Women of color already know that trying to conform to the mainstream is damn near impossible. And even if there are times that we can fake it (note: we shouldn’t have to), the emotional toll is enormous. If assimilation is the expectation, those of us who are non-white, older than 40, disabled, trans, not neurotypical, queer, from low-income backgrounds, and/or a host of other identities will continue to be locked out of tech.
This is not to discount the fact that cis, straight white women face bias and discrimination in tech. But they are also the most palatable and least threatening to the mainstream as the face of tech diversity. And, like the first wave of feminism and affirmative action, they are often speaking for communities outside their own identities and experiences. The majority of people working inside tech companies on diversity and inclusion are white women, and all of us have experienced on more than one occasion the term “increased diversity” used synonymously with “more white women.”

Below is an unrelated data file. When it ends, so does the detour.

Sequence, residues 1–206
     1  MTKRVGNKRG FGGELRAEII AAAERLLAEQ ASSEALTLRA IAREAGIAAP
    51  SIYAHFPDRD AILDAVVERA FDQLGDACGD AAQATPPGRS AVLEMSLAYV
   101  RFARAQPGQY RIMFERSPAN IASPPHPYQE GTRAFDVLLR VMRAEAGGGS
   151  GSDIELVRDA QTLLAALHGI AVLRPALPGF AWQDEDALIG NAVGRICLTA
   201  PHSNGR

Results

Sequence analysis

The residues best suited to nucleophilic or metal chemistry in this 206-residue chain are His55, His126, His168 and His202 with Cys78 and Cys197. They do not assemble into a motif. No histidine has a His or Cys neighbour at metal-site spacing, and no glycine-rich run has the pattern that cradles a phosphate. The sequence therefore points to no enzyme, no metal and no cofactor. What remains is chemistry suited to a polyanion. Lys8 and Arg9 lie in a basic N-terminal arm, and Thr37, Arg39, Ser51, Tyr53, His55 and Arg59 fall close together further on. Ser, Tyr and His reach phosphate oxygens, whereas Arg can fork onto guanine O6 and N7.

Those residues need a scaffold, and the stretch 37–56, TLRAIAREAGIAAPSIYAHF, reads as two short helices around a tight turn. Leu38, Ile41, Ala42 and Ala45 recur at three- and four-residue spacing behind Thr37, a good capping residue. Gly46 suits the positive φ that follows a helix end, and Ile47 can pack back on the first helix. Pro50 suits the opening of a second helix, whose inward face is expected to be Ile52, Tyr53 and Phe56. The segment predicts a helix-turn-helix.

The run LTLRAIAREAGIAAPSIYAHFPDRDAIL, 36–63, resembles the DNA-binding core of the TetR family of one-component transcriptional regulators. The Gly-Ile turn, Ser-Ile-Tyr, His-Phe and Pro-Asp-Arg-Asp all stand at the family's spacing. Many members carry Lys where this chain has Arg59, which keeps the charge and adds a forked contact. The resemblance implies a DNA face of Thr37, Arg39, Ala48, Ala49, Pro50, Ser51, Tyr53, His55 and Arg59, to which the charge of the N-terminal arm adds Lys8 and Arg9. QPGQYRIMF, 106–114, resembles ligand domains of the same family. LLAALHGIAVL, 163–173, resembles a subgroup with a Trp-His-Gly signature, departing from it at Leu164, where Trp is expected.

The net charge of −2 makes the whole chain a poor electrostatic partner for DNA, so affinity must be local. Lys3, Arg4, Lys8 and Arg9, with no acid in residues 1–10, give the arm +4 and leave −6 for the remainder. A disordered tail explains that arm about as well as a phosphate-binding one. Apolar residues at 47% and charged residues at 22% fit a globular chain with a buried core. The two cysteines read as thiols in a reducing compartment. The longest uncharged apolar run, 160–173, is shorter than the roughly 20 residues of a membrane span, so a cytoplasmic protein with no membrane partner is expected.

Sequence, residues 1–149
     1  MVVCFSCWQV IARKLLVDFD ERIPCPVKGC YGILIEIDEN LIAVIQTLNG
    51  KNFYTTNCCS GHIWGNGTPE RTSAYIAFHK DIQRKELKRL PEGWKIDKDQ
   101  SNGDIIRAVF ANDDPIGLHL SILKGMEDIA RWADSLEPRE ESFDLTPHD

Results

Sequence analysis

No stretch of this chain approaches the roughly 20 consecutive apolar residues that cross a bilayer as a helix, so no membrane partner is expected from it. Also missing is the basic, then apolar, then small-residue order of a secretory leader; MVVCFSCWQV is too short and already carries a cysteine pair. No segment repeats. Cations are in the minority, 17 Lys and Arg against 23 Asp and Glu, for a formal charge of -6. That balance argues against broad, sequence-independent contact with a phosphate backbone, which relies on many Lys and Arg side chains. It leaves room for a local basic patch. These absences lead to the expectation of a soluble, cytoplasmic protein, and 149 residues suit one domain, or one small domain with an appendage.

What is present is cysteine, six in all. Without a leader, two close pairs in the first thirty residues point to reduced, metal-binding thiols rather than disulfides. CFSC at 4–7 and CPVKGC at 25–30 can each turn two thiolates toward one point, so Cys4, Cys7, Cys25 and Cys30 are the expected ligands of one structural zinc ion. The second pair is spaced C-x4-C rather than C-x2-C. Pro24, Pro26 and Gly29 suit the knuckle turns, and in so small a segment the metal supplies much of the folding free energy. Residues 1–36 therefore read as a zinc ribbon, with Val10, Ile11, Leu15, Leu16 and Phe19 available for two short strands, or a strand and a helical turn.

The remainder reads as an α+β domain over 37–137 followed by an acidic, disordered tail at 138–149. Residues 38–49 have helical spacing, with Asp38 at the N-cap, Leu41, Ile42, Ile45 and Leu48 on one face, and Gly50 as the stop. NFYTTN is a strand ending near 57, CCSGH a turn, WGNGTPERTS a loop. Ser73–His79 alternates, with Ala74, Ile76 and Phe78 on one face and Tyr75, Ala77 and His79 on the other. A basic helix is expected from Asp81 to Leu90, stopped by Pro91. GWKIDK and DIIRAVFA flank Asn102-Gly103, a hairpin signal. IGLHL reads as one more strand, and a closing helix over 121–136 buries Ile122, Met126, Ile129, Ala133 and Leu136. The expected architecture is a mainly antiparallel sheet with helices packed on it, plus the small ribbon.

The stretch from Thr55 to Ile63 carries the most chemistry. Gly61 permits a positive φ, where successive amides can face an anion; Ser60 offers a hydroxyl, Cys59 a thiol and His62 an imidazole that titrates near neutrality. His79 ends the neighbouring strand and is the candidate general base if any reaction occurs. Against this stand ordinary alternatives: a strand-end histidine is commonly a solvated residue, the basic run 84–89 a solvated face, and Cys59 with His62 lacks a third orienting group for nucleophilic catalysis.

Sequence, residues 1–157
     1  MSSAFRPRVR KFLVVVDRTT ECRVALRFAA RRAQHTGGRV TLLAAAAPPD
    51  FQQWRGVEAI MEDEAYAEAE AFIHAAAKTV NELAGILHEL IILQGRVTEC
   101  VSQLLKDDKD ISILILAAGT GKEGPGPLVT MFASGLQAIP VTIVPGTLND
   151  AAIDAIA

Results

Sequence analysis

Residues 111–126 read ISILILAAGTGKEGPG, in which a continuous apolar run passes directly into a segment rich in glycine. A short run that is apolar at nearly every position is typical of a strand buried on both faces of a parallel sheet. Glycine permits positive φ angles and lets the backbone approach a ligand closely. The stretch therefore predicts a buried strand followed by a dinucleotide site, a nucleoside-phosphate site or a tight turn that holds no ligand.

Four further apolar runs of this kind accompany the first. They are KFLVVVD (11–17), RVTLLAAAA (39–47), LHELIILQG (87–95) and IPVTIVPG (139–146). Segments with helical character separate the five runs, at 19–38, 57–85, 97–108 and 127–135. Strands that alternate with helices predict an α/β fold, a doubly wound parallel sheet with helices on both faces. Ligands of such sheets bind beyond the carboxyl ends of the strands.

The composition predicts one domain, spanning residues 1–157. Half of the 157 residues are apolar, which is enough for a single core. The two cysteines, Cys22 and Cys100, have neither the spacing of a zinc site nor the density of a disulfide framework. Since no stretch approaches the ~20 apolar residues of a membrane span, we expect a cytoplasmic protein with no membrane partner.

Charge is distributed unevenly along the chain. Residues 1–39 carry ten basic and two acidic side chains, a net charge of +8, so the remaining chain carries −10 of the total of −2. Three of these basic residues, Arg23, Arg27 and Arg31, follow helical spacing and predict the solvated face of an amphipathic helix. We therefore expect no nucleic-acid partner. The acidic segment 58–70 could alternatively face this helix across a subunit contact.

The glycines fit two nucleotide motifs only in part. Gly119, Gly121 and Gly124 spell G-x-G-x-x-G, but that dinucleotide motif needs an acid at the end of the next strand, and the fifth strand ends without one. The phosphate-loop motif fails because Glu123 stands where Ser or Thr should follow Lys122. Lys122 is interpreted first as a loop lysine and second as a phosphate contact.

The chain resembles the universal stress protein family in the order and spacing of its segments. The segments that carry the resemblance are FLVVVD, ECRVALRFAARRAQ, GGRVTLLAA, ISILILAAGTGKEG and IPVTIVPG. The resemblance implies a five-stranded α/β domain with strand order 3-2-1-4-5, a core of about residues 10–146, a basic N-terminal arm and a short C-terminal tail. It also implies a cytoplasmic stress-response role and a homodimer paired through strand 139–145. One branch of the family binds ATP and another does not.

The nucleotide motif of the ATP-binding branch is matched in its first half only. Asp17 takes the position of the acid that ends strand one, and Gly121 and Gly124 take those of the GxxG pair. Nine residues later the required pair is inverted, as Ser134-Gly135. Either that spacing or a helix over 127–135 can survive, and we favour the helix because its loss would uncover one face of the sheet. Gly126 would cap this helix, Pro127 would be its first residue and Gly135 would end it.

Understand why diversity is critical to the sector
If you believe diversity to be a luxury, or something ancillary to your company/organization’s mission, you will miss the larger point. Diversity is critical to ensure technological innovations that solve real problems. The sector has already lost enormous amounts of talent by ignoring entire sectors of the population as potential innovators. The demographic shift in this country will render many tech companies irrelevant as they are unable to meet the needs of users.
Be precise with language
Know that “women in tech” is an insufficient phrase unless you are willing to expand that definition widely. Consistently ask Which women and why?